spread carrying on like this. mark: companies have been hoarding cash for a long time. investors are waiting for other them to do something with it or give it back to them. that's a famous example of with carl icahn apple recently. they made it happen. i think companies are really finding if they find a place to invest the money, they're going to do that. if shareholders are going to force the issue, maybe dividends will be a place to return the money. regulation and other things are causing companies to curtail their investment. we need to find a way to spur that investment, and of dividends or the way to go, it's telling you they think they can't find a place to put the capital. jonathan: you look at this massive hedge fund, one of the oldest, one of the most well-known, also one of the most extensive. forget you and 20, we were talking about 2.75 to 27. that's been brought down.
do think the pressure continues to build on these hedge funds to cut fees if they underperform? mark: i do. we've seen that in mutual funds and other places. if you are not going to outperform, that's the best game in town. 220, even higher than that. if they are not going to perform and fewer and fewer funds are doing that, there's when we loss of pressure and less allocation for some of the asset allocators to that asset class. in a low return environment, where most people would accept a high civil to return, 20% of 9% is to present and change. 20% of 30%, which is what some of these people got in the 90's made sense. right now, that's not make a lot of sense. vonnie: dividend growers is a price to perception -- to perfection. that's where people have been going instead of bonds. mark: i think that's right. you very low environment, can buy mcdonald's or countless names where you are seeing low single-digit+++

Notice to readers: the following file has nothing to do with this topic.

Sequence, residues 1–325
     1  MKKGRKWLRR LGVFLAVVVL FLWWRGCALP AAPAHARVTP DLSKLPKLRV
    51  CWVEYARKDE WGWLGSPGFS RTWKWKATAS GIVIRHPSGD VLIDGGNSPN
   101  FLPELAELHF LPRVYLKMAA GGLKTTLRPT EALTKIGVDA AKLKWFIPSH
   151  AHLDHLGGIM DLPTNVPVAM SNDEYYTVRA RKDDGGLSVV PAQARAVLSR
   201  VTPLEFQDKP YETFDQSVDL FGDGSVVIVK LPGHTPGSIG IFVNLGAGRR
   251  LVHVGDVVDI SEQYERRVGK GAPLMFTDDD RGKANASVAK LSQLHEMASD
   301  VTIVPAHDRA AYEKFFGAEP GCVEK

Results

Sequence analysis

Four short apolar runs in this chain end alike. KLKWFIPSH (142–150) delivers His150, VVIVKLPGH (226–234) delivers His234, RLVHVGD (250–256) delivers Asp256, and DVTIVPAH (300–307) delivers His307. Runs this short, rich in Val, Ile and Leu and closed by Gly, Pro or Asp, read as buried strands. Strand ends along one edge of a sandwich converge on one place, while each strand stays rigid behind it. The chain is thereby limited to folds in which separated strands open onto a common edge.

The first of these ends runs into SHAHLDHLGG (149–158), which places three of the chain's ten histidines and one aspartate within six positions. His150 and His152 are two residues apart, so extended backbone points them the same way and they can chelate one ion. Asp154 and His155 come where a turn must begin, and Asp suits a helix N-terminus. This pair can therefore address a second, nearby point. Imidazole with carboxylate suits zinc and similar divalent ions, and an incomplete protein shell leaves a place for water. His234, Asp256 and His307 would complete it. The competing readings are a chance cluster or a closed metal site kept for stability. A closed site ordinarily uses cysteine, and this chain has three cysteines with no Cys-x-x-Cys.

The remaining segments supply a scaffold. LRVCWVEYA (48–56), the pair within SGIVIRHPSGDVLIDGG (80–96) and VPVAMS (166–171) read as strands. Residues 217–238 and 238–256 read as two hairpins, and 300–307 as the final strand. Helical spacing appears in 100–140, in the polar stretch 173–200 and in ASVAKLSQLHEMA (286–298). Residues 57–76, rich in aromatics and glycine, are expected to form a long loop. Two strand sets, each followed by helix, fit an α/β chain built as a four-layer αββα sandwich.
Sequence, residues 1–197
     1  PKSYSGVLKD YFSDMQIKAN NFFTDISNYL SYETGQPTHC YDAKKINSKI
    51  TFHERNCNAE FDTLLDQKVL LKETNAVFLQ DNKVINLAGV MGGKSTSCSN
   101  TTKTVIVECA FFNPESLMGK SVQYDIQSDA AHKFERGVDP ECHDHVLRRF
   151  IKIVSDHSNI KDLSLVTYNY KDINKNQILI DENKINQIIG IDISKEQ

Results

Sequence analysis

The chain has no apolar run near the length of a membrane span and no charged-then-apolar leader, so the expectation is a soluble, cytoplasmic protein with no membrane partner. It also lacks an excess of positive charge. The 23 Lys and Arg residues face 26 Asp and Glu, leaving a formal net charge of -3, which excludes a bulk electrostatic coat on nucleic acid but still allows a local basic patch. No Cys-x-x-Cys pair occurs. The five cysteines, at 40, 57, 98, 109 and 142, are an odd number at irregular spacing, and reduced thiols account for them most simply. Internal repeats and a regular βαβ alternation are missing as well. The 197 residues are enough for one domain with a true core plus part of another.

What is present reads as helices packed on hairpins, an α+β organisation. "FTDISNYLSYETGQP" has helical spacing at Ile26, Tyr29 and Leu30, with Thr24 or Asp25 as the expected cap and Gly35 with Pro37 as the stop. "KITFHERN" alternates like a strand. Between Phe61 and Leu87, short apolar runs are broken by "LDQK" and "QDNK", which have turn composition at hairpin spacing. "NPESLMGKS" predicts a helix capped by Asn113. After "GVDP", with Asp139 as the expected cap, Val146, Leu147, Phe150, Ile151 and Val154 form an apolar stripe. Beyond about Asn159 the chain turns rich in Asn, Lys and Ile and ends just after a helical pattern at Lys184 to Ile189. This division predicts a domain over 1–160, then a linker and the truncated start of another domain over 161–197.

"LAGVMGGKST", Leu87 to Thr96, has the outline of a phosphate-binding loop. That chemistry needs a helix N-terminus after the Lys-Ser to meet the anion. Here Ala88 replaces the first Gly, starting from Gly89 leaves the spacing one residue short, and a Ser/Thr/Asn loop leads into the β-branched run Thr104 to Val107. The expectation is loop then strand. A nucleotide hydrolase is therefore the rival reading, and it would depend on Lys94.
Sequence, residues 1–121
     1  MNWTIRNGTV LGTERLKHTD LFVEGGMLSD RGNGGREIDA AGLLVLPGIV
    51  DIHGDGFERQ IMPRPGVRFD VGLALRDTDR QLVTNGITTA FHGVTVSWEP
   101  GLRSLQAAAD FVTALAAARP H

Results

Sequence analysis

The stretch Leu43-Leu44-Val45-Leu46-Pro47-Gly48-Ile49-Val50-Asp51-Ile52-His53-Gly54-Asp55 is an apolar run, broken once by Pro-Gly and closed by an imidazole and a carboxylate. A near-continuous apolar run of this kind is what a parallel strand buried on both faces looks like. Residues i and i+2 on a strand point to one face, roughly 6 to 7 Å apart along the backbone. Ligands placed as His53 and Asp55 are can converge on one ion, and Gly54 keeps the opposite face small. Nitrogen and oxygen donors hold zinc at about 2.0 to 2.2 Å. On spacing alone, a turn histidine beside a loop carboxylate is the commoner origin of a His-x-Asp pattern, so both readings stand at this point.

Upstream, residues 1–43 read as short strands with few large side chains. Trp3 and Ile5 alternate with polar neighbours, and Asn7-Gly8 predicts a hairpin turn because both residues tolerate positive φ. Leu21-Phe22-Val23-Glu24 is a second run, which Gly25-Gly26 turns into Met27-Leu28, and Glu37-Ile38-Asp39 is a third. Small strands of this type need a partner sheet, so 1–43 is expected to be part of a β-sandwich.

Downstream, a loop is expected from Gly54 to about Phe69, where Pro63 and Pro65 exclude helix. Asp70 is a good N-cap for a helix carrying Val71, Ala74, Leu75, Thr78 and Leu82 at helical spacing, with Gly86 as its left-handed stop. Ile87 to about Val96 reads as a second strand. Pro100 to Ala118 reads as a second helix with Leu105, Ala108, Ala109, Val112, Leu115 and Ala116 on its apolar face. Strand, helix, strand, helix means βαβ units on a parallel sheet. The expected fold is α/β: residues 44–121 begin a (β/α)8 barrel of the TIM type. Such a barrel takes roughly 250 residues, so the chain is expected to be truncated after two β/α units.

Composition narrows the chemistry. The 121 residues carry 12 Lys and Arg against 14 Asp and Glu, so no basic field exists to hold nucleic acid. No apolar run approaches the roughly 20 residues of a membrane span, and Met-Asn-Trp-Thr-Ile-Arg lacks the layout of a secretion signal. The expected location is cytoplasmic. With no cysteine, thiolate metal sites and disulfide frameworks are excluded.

growth, and i think people are very excited about that, even with the alternatives are. it is crowded, but as long as these companies are performing in the dividends are growing even ever so slightly, that's a great environment. david: basically, investors are agreeing with the companies. we don't have that many good ideas to invest in, we would rather give it back to the shareholders. they say we are not sure the company is doing that good at all. mark: i don't know if that is a virtuous circle, but i think in this environment, where yields are so slight and companies are having a hard time, the noise is getting louder. i think that companies are listening. in an environment where congress is not getting along, where regulation is kind of going the way it's going, which is not getting any less, i think companies are deciding hoarding cash is not a sign of strength, giving it back to the investors is. jonathan: is piling up on data sign of strength?